For years Muslim faith has been generally believed to have encouraged polygamy. There have been instances when a man converted to Islam from another religion in order to marry a second wife under Muslim Personal Law.
The Qur’an has allowed a man to marry more than one wife usually a widow to provide her shelter and a state of security. It was a provision to ensure that the war-time widows in that era were not left in starvation. Islam has never been against women and had sought to protect them from exploitation at the hands of foreign invaders.
Bigamy as envisaged in Qur’anic texts describes a situation with two wives married to the same man living happily under the same roof. Bigamy as more prevalently practiced in India wherein the first wife is usually forsaken and left to fend for herself was never allowed in Islam. Yet Qurán also cautioned men from taking more than one wife with a warning that they will be torn apart on the Day of Judgement in the event that they treat any of their wives unequally in any respect. It also advises men to stick to monogamy “as this would keep you away from injustice.” (Qurán IV:3 & 129) . Predominantly Muslim States such as Turkey and Tunisia had banned polygamy for secular and religious reasons respectively. Whilst Turkey was the first country to legally ban polygamy way back in 1926, what is interesting to note is that Tunisia cited religious reasoning for doing so in 1956.These reasons were-
- First, the Quran limited the practice of polygyny, thus it did not support the practice and clearly intended for the practice to be eliminated over time.
- Second, the Quran demands equal treatment of all wives in a polygynous marriage, which is impossible, thus making the practice illegal.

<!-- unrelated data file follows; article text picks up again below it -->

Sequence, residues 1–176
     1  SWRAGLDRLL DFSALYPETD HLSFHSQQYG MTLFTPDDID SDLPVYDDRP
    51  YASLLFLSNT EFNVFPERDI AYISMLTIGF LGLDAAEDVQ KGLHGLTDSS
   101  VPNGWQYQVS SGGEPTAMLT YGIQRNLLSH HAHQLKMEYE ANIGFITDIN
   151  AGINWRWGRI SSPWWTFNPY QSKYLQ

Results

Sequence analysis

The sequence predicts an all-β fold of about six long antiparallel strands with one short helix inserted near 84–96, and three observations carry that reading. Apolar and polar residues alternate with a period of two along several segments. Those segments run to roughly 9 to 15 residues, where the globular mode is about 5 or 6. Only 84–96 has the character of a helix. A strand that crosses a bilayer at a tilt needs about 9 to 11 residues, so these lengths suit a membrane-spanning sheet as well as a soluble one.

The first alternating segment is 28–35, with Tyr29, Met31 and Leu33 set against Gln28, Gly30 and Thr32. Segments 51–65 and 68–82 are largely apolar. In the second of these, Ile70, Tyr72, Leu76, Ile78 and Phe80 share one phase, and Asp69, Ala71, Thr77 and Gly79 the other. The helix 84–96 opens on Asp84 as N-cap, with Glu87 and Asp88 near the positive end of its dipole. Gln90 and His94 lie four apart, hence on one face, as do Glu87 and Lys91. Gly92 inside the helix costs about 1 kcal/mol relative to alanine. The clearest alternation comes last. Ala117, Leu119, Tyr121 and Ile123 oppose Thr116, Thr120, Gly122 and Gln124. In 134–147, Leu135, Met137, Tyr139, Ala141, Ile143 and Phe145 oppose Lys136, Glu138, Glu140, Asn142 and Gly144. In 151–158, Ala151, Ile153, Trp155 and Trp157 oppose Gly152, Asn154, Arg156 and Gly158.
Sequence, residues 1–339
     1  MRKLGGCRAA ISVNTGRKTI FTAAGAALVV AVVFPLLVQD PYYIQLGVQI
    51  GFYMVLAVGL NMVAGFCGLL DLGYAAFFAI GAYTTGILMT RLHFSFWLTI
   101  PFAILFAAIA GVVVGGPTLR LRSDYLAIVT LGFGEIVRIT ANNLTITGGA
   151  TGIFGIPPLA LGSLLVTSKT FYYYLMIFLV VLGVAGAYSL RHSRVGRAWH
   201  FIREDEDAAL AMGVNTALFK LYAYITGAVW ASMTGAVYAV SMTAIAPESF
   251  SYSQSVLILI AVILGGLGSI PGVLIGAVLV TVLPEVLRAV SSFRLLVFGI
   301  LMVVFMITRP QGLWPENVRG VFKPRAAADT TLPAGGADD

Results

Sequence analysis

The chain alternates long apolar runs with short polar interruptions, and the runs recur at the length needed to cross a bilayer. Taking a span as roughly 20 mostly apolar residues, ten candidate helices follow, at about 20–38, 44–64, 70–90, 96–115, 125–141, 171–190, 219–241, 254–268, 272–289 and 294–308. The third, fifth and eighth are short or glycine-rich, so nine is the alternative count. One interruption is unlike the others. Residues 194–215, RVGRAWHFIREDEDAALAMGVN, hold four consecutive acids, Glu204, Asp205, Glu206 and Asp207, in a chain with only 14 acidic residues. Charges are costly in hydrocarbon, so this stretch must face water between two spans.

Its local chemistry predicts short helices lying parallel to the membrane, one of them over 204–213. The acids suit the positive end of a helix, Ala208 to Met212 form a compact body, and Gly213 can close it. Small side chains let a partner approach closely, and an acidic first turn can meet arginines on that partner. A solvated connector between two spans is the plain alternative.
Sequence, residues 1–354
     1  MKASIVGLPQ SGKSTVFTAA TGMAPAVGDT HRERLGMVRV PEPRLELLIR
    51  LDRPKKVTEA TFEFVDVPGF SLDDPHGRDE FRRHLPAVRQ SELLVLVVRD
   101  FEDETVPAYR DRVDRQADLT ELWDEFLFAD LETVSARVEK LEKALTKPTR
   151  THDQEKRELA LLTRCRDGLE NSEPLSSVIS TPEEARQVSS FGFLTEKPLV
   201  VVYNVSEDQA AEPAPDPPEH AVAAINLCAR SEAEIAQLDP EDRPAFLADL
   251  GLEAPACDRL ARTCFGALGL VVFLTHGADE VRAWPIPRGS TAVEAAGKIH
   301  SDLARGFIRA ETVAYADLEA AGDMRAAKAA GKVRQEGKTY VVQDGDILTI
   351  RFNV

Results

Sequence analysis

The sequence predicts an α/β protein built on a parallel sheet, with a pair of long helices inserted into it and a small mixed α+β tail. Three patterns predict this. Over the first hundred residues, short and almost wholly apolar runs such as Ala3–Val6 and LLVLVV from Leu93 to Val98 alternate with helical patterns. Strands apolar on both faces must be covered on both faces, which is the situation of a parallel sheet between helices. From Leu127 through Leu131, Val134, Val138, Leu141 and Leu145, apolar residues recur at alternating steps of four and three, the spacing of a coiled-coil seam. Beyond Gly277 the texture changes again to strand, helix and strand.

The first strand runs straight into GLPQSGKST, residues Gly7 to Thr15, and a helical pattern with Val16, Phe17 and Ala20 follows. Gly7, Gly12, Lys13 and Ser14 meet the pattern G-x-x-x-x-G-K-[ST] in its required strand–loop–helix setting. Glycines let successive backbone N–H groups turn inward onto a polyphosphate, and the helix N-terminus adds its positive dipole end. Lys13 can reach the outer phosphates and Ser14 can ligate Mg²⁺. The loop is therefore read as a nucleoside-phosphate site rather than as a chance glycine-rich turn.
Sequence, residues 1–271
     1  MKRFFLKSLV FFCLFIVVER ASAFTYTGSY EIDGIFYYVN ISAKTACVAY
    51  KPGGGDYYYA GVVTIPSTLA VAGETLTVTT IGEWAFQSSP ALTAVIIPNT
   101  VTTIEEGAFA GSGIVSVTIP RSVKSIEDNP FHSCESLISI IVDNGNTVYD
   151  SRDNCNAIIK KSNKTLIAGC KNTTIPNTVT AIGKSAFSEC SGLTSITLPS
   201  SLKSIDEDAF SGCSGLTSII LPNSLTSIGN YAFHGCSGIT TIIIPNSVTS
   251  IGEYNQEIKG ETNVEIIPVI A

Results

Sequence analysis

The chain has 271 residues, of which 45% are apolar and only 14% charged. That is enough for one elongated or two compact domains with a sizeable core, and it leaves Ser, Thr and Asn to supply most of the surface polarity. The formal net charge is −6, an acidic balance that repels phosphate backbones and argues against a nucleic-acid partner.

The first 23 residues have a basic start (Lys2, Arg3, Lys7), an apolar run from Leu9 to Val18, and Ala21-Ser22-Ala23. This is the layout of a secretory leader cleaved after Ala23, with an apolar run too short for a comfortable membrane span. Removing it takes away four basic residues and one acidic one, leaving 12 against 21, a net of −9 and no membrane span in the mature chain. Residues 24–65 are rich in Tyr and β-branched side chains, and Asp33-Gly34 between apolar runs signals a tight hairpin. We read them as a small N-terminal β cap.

In a landmark judgment on 10th February, 2015 by a Supreme Court bench comprising of Justices AK Goel and TS Thakur declared that taking up more than one wife is not a fundamental right of a Muslim as guaranteed by Article 25 – Freedom of conscience and free profession, practice and propagation of religion of the Indian Constitution. The petition filed by Khursheed Ahmad Khan V/s UP State Government,Mr. Khan had cited polygamy for a Muslim man as a fundamental right guaranteed by Article 25 and thus challenged UP State government’s decision. Mr Khan had been sacked from his job as an irrigation supervisor for taking up a second wife Anjum Begum while still being married to his Sabina Begum. As per Rule 29 (1) of the Uttar Pradesh Government Servant Conduct Rules, 1956, he should have taken up prior permission from the state government before taking up a second wife.
The SC dismissed his plea and upheld the UP State Government’s decision. “What was protected under Article 25 was the religious faith and not a practice which may run counter to public order, health or morality. Polygamy was not integral part of religion and monogamy was a reform within the power of the State under Article 25,” Justice Goel wrote.
Justice Goel, quoted in the verdict that, “a practice did not acquire sanction of religion simply because it was permitted.” Broadly interpreted, it simply means that Islam has allowed a man to have upto four wives, it doesn’t mean that polygamy is fundamental to practicing of the Islamic faith.
Up till now there had been no judicial precedent under which a man’s right and contract a second marriage could be examined by any authority before he embarked on such a course of action.
The legislature or the BJP ruled Central government is yet to comment on this decree of SC. This verdict though ambiguous, brings us one more step closer to bridging the gap between personal laws governing Hindus and Muslims and realizing the aim of a Uniform Civil Code as stated in our Constitution’s Directive Principles.
Picture credits: Google Images
By Shriya Dargan